The 2nd meeting of the Policy Council of JFIR on "The Change of Situations in the Middle East and the Trend of International Politics" Held

The 2nd meeting of the Policy Council of JFIR on “The Change of Situations in the Middle East and the Trend of International Politics” was held on January 28, 2014.

At the outset, Prof. Dr. ITO Kenichi, Chairman of the Policy Council, made an opening remark saying, “Today, Dr. YAMAUCHI Masayuki, Councilor of JFIR, Professor Emeritus of The University of Tokyo, will make a special keynote report on ‘The Diplomatic Trend of Arab Middle Eastern Countries.’ At the first Policy Council meeting held on November 11, 2013, Dr. TAKUBO Tadae, Director of JFIR, made an in-depth keynote speech on the topic of ‘The Diplomatic Trend of the Obama Administration.’ Questions were raised whether Obama Administration’s diplomacy had sufficient consistency. Is this simply an issue of Obama Administration alone? Or is this an issue of diplomacy of a country named the United States? Such change of situations in the international politics was triggered by the phenomenon referred to as ‘Arab Spring.’ At this 2nd meeting, the Policy Council would like to bring the focus of our debate to the Arab countries, where the change had originated, and would like to discuss the possible change in the rule of the game of international politics at large, including maintenance and formation of international order and a role of the United States therein.”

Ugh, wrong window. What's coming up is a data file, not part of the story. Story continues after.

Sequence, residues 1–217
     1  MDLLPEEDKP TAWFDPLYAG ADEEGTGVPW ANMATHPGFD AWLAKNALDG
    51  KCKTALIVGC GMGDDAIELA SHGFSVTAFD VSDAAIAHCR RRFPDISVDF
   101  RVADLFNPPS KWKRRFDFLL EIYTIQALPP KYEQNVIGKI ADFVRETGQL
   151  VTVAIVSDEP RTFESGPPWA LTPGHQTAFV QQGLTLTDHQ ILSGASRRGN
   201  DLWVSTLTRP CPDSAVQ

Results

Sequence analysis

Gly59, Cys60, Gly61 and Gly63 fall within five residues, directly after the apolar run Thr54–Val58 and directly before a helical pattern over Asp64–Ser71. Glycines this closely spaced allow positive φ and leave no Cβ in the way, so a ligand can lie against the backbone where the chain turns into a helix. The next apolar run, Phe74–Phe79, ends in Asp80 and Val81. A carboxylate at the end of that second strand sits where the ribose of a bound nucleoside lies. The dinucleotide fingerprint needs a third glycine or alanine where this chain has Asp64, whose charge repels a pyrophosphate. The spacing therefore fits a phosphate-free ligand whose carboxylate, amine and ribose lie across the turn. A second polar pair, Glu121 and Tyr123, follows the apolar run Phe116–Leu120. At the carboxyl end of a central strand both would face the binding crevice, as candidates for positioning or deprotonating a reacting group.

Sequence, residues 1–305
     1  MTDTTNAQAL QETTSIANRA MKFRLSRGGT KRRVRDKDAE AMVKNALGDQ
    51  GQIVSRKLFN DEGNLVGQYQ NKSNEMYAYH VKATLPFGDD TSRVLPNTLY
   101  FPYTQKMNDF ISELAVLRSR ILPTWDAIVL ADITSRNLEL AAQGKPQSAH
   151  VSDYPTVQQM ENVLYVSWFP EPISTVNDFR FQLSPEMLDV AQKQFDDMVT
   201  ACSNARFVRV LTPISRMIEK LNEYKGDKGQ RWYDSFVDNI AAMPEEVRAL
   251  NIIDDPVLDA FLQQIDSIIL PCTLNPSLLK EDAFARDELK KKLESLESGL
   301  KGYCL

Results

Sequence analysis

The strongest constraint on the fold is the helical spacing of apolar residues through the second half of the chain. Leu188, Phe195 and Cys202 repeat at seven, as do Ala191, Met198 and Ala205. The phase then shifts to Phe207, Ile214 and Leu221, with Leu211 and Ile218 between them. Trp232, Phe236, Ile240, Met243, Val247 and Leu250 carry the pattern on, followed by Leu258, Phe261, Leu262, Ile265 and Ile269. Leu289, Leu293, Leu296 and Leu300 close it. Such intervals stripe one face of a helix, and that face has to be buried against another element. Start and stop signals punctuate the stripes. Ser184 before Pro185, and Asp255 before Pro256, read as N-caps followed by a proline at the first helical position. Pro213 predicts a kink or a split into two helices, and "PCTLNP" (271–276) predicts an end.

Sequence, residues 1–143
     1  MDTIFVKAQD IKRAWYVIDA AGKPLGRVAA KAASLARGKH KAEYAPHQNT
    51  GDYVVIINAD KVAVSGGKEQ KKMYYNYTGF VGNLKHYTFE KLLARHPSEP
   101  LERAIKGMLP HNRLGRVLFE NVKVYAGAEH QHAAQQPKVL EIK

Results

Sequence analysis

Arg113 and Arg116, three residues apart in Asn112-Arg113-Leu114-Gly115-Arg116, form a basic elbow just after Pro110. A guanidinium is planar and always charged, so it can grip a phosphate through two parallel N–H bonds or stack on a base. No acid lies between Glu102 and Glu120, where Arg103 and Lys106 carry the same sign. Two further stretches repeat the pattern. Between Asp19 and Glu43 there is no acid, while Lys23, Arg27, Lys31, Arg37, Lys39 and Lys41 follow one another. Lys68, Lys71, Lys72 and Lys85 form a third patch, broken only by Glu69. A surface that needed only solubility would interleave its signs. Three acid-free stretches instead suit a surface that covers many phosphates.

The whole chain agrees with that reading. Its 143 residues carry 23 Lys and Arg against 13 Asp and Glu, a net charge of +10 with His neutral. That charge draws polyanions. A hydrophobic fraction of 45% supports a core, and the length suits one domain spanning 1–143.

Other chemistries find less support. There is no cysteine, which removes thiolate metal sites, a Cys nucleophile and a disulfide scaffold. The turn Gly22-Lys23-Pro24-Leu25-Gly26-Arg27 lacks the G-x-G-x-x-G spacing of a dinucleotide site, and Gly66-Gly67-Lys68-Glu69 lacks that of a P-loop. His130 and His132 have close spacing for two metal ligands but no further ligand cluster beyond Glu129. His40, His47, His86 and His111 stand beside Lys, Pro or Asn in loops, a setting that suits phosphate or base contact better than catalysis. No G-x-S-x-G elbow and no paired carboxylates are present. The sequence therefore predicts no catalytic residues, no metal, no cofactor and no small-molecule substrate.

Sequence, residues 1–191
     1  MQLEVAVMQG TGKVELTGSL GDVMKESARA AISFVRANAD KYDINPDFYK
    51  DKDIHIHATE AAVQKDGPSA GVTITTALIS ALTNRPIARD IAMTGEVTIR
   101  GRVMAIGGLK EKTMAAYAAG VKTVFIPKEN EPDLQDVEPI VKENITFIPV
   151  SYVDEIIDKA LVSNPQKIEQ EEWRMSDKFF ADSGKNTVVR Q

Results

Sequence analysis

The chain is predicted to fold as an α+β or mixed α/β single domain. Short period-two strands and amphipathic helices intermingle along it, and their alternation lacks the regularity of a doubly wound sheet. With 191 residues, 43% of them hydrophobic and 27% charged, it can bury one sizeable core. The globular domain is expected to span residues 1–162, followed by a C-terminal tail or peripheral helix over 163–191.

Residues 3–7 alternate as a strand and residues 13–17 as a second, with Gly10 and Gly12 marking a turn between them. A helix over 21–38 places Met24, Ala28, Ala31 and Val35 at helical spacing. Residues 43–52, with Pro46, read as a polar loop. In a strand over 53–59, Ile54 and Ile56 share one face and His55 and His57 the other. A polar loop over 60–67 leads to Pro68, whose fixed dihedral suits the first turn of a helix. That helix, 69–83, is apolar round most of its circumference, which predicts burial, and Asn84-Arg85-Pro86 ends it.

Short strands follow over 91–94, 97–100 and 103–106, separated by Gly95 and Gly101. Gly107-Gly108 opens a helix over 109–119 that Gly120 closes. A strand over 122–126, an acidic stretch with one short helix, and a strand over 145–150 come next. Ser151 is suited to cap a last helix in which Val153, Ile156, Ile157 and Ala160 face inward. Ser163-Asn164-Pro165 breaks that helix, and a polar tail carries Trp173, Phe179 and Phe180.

Subsequently, Councilor YAMAUCHI made a kickoff presentation, saying, “In 2014, the Middle East, along with East Asia, is expected to remain a focal point of international tension. In view of such political processes as President Obama’s compromising deal with Russia over the Syria issue at the end of last year, and the partial lifting initiated by P5 + 1 (permanent members of the Security Council plus Germany) of the economic sanctions imposed on Iran on condition that it suspends its high-level uranium-enrichment program, we must admit that it would be a completely separate issue how the agreement which President Obama views as ‘positive’ in terms of its Iran policy or the agreements made by German Chancellor Merkel and Russian President Putin would appear in the eyes of Saudi Arabia and other Gulf countries. As far as the Middle East is concerned, self-righteous policies from outside would tend to make intra-regional violence grow intense. While advocating peace under the banner of globalism would be all very fine from subjective viewpoint, such subjectivity does not always lead to peace and non-violence in the regional context. If countries of the West, especially American politicians, conduct Middle East diplomacy with the view to reaching an agreement with Iran as a short-term and large issue, this would introduce greater complexity to the regional conditions of the Middle East. Then a question arises whether such consequence really merits a Nobel Peace Prize.” Following the presentation, free discussion among the members of the Policy Council took place. 32 members participated in the discussion.


The Japan Forum on International Relations (JFIR)